And she learns about a secret Soviet complex, concealed in a colliery in the Sumava Mountains. Unknown to her there’s a top secret psychic establishment in Kazakhstan, where Yakunin, one of their gifted psychics, has detected her presence in Czechoslovakia. As he gets to know her, his loyalties are strained.

With her old flame Laco, Tana infiltrates the Sumava complex. When she’s captured, a desperate mission is mounted to either get her out or to silence her - before she breaks under interrogation.

Wednesday, 22 October 2014

Writing - Work in progress - Catacomb

Catacomb is the sequel to Catalyst which is due for publication from Crooked Cat in time for Christmas purchase.

Catalyst introduces Cat Vibrissae, who is out to get revenge on Loup Malefice, the Head of Cerberus Worldwide, the man responsible for the takeover of her father’s company. She is a trained chemist but has forsaken that career and become a successful model. During her first brush with Cerberus she crosses the path of Rick Barnes, an adviser in the Cerberus organization...


I've written 800 words today, which isn't bad, but not great. Approaching the action-packed denouement and setting up the storyline for the sequel. 

Then comes the self-edit stage, which entails, among other things:

Checking all those echo words, repeats.

Checking consistency.

Ensuring that the story and characters behave logically.

Making sure I can visualise each scene, because if I can't through my words, the reader certainly can't.

Is each scene written from a single character POV?

Decide where the chapter breaks will occur - ideally at high-tension or dramatic moments, and allocate appropriate chapter titles.

Write the first page or so of the sequel...

Tuesday, 21 October 2014

Writing - competition - Words with Jam short story competition

Words with Jam is the ezine for writers and publishers and it's jam-packed with information, articles, interviews, humour and links.
You still have 10 days to send off your competition short story!
Categories comprise a 2500 word Short Story Category on any theme, a Shorter Story Category for stories up to 1000 words and a Shortest Story Category for stories up to 250 words.
Overall Prize Pot £1500
1st prize in each category - £300
2nd prize in each category - £100
3rd prize in each category - £50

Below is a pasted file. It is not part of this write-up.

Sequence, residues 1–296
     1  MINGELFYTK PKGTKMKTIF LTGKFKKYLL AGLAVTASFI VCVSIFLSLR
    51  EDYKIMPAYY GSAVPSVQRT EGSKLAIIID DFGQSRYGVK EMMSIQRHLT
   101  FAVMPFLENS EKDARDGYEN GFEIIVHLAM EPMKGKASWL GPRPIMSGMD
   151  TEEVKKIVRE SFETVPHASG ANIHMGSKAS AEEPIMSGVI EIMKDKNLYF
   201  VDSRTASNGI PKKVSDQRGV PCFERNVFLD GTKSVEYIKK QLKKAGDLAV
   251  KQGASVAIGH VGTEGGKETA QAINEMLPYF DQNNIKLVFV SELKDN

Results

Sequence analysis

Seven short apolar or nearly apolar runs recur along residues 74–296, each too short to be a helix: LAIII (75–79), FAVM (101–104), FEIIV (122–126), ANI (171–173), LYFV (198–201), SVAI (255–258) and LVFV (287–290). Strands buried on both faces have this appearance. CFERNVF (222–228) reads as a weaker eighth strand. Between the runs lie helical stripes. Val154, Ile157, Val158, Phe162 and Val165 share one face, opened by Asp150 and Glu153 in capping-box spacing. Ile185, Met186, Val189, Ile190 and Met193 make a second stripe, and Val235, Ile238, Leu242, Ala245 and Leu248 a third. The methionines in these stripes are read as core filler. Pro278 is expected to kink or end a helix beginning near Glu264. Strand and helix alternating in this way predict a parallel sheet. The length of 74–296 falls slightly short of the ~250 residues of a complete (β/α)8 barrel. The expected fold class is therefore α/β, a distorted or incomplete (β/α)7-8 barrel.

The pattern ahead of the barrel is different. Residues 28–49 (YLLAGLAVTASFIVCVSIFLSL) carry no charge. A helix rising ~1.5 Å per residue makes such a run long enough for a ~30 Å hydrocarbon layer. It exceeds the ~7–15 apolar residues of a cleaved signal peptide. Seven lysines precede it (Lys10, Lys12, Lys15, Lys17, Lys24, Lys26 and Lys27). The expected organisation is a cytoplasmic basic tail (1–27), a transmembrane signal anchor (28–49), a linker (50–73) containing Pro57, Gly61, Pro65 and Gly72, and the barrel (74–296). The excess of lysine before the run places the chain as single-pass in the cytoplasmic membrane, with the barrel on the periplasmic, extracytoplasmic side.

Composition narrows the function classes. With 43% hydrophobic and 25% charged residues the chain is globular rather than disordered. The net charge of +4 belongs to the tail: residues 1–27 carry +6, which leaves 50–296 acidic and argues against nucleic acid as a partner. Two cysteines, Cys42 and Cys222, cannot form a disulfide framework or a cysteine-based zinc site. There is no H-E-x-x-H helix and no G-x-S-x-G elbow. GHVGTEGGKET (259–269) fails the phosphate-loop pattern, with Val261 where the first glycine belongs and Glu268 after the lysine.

5 runners up in each category will be published in our Short Story Anthology (of which they will receive a copy), and awarded £10. All winners and runners up will receive a printed copy of our Short Story Anthology (inclusion optional*).
Short Story Category - for stories up to 2500 words
Shorter Story Category - for stories up to 1000 words
Shortest Story Category - for stories up to 250 words
Closing Date 
31st October 2014
Entry fee
1 story - £6, 2 stories - £10, 3 stories - £14, each additional story - £4
Submission & rules
Go to:
All 1st, 2nd and 3rd place stories will be published in February 2015. 
Winners will each receive a printed copy.
Short Story Judge (up to 2500 words): Emma Darwin
Emma Darwin is a novelist and short story writer. She was born in London and brought up there, with interludes in Manhattan and Brussels. After an education which involved a lot of history, a lot of reading and a degree in Drama and Theatre Arts, she worked in academic publishing for a while. Despite being diverted into a photographic darkroom for a few years she wrote her way towards becoming a full-time writer. Her first novel The Mathematics of Love was published in 2006. It was short-and long-listed for various prizes, including the Commonwealth Writers' Best First Book, and translated into many languages. Her second novel, A Secret Alchemy, was published in November 2008 and reached the bestseller lists. Along the way she acquired first an MPhil and now a PhD in Creative Writing, enough novels in manuscript to prop up several table legs, and a Bridport and other prizes for her short stories. Emma is also an Associate Lecturer in Creative Writing for the Open University, and a senior editor with Writer's Workshop, and has appeared at numerous literary festivals.
Shorter Story Judge (up to 1000 words): Sam Jordison
Sam Jordison is a hugely talented, bright, young writer. He was co-editor of the bestselling Crap Towns and the follow-up book - Crap Towns 2 - as well as writing four solo titles. He writes a regular books column for The Guardian, and is the founder of Galley Beggar Press.
Here's what Sam looks for in a short story:
What makes a short story stand out from all the others?
I wish I could answer this more sensibly, but the truth is that there is no formula. What makes a story stand out? Good writing. What is good writing? I wish I could tell you. I think there has to be a lot of craft. You have to know that each word is where it should be, and each sentence has been carefully thought out. But beyond that… The mysteries of art…